BitCrowdy claims to be Europe’s fastest-growing bitcoin wallet where investors can earn up to 6% weekly for storing their crypto on the platform. In this article, we review the supposed investment platform for anyone asking, “is Bitcrowdy legit?”
Before we dive in, it is worth noting that the rise of cryptocurrencies has led to a proliferation of companies and websites claiming to be legitimate ways for investors to earn money on their holdings. Bitcrowdy is one such platform and our findings suggest that there are many Ponzi-like red-flags that prospective users need to know before putting money into this scheme.
Is BitCrowdy Legit? Here’s What We Found Out
First of all, BitCrowdy brands itself as “Europe’s fastest-growing bitcoin wallet,” and then as Africa’s No 1 Finance App. There are no numbers to back up the platform’s supposed popularity and the domain is less than six months old.
According to the below data from ICAAN, the domain is hosted with NameCheap and was only created in late September 2020.
The Red-Flags on BitCrowdy
One of the most visible reasons for possibly calling Bitcrowdy a scam is because the platform falsely claims to be published on popular financial publications such as Yahoo Finance, CNN Money, Forbes, Business Insider, and Wall Street Journal.
Our BitCrowdy review shows that no article about the platform exists on these publications, and claims that the company has raised $1 billion is merely a ploy to make unsuspecting investors trust it.
Bitcrowdy attracts investors by promising a 6% weekly returns on bitcoins deposited on the platform. These would equate to a 24% monthly return and a 288% annual return. These figures are staggering compared with legitimate platforms where people can earn interest on cryptocurrencies.
For instance, BlockFi, Nexo, and Celsius Network payout between 6-9% annual percentage yield on BTC deposits. These platforms also specify their source of profit which generally comes from over-collateralized lending to retail and institutional clients.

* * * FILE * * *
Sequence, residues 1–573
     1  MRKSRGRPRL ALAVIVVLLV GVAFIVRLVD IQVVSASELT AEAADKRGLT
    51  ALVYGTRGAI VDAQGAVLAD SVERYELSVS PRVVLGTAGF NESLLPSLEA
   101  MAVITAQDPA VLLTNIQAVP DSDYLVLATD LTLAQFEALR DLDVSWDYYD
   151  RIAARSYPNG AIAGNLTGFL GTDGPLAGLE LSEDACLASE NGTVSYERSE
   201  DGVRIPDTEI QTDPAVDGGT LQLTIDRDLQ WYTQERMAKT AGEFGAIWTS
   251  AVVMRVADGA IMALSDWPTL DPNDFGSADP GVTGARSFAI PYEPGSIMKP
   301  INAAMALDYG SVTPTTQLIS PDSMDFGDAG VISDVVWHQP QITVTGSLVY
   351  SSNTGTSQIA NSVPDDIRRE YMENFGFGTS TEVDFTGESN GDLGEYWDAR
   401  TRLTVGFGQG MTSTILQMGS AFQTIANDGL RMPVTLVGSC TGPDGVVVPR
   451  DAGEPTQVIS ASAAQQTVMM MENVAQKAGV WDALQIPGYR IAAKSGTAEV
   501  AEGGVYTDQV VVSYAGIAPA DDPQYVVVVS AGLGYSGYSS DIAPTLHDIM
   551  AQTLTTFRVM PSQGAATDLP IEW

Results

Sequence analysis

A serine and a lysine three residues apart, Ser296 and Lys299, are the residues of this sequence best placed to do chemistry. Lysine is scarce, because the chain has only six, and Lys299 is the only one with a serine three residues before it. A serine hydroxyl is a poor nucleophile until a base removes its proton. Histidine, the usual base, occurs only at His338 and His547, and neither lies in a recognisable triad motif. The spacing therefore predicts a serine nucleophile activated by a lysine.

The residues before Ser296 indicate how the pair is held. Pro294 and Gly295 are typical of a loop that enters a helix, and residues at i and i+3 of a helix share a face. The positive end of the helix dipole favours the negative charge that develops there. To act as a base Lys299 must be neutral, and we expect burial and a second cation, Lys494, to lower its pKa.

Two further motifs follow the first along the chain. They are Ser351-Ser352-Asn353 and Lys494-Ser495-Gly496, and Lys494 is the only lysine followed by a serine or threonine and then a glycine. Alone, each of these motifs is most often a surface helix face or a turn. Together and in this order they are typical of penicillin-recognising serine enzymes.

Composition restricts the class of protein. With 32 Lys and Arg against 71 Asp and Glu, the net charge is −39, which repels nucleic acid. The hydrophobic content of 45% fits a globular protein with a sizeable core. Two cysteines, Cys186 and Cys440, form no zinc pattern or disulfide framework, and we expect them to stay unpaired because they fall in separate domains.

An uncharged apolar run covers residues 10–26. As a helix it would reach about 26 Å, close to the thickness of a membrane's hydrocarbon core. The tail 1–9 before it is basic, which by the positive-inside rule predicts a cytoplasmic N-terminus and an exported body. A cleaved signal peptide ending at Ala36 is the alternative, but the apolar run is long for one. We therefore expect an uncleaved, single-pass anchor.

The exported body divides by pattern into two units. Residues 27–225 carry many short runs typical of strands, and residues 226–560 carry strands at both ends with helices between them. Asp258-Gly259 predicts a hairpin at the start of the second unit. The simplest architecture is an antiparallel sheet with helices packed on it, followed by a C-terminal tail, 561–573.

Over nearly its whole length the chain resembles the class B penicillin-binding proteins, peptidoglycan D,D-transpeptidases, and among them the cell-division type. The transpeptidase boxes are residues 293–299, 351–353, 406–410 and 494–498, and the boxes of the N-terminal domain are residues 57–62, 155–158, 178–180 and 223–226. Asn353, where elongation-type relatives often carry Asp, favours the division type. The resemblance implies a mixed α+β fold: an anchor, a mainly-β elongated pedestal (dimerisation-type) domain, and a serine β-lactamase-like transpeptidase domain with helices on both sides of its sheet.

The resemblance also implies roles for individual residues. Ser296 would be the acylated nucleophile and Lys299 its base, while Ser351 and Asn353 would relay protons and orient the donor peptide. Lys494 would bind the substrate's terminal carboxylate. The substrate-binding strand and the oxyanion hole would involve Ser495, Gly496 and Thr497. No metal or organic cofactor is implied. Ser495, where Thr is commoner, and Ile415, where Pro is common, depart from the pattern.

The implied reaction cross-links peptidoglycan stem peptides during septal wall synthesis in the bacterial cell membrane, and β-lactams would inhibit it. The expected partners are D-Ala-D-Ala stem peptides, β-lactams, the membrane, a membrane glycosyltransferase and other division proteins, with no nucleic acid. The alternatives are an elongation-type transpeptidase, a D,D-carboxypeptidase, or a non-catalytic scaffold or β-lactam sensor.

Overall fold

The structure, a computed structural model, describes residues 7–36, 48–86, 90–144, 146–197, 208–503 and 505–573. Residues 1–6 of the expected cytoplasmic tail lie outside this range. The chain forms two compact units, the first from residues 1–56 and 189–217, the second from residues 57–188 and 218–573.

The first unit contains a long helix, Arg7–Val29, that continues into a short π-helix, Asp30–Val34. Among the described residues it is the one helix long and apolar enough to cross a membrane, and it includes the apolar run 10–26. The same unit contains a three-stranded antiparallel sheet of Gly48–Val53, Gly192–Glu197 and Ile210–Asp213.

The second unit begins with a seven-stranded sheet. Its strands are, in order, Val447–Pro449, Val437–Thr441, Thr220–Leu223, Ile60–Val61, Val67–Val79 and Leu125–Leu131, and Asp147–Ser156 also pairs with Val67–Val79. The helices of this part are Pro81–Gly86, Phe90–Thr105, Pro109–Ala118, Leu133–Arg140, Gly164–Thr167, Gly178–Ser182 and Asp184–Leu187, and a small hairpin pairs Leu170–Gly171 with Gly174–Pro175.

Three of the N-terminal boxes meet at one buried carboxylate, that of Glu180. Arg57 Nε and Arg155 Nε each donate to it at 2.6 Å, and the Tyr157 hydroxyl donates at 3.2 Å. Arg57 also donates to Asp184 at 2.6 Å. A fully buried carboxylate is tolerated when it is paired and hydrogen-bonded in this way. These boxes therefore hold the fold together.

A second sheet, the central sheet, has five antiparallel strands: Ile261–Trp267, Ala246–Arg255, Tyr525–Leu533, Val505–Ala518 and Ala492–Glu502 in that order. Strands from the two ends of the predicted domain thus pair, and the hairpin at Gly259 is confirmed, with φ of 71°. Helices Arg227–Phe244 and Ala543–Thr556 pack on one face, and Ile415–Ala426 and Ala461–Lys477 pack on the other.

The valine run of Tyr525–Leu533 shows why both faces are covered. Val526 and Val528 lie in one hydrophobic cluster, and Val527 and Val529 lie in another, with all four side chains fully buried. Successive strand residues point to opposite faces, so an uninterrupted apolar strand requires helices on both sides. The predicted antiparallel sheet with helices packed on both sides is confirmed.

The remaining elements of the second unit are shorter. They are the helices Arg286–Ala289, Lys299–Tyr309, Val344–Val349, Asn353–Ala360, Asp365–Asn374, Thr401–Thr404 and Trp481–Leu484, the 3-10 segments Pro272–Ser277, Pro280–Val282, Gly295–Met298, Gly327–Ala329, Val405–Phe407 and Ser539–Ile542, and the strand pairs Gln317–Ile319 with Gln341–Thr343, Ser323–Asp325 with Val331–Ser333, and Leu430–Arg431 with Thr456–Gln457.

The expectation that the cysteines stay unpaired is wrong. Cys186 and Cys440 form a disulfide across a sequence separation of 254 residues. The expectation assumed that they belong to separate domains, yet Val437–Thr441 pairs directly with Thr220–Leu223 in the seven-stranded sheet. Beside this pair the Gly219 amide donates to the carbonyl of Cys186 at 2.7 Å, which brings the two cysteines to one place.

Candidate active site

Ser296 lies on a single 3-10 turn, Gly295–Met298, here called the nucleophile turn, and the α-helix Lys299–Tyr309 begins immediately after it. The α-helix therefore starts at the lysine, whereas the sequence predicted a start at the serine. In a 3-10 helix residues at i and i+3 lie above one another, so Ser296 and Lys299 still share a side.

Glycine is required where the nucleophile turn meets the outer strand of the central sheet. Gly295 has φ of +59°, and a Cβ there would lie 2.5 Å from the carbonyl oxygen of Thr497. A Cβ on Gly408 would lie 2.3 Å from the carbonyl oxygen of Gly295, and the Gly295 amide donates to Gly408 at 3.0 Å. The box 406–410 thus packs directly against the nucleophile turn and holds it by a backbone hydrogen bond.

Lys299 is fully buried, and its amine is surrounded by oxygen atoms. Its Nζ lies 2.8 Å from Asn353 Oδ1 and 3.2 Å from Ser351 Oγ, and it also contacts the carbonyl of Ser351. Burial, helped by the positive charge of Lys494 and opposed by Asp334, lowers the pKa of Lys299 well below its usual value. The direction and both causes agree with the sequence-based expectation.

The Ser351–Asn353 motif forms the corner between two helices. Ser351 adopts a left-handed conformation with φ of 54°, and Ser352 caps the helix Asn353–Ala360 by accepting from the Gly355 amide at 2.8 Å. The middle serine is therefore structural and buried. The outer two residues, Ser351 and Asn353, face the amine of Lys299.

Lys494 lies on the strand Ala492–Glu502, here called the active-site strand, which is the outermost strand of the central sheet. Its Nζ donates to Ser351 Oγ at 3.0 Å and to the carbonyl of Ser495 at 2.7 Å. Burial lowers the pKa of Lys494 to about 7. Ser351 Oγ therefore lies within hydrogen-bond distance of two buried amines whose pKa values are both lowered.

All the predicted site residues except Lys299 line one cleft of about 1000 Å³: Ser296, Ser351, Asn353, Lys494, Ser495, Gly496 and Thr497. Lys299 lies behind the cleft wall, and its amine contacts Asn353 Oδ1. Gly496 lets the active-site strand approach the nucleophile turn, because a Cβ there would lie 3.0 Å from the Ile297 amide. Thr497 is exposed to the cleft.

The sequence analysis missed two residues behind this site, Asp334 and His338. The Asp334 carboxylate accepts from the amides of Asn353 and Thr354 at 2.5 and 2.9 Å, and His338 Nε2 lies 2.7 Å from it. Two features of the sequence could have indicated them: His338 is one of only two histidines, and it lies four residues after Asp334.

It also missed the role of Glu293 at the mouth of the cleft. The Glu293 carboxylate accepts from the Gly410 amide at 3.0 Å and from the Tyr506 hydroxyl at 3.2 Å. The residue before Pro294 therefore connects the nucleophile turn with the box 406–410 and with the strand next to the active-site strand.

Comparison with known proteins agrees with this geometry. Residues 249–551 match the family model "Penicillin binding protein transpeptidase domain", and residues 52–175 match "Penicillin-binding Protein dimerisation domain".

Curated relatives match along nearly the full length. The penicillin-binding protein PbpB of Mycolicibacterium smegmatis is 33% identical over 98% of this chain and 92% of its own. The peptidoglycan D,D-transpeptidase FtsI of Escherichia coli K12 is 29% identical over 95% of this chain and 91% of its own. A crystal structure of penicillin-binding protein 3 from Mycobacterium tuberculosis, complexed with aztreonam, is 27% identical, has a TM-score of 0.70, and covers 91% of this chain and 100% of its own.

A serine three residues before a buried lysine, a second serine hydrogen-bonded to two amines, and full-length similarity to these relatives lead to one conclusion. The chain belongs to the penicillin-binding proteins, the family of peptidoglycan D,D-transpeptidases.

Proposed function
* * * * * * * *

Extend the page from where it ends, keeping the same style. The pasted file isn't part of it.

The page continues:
For Bitcrowdy, however, the company does not disclose the “mysterious” business from which it pays out the supposed yield. The scheme also claims that the funds are managed by American Bank, Merill Lynch. Well, we couldn’t find any trace of BitCrowdy on the official Lynch Website.
Instead, participants of the scheme who spoke to Coinfomania on the condition of anonymity disclosed that the platform is closely linked to another ‘bogus’ investment scheme, Agrisunfarms.
Users are mandated to deposit funds for the supposed “poultry farm” via bitcoins that they hold on BitCrowdy because options like credit card and PayPal are inaccessible. This relationship appears to be a deliberate attempt to force people to hold bitcoins on BitCrowdy, thus playing into the hands of the masterminds.
No Official Customer Support
Legitimate bitcoin investment sites offer a large-scale customer support desk to cater to their userbase. Surprisingly, there is no way to reach the team behind this scheme. A “Contact Us” button on the website points to a non-existent Facebook Messenger account.
Final Words on BitCrowdy
Going by the red-flags identified so far, our best guess is that BitCrowdy is not legit. It is another ploy to separate unsuspecting investors from their hard-earned bitcoins.
The platform will likely go offline once the masterminds believe they have enough BTC deposits to cover the cost of setting up and marketing the platform to date. Anyone considering putting money into the platform is doing so at their own risk, as we’d never recommend doing so.
Affiliate: Deposit 0.02 BTC, and get a 100% bonus to trade futures on Bexplus.
Author: Charles Harrison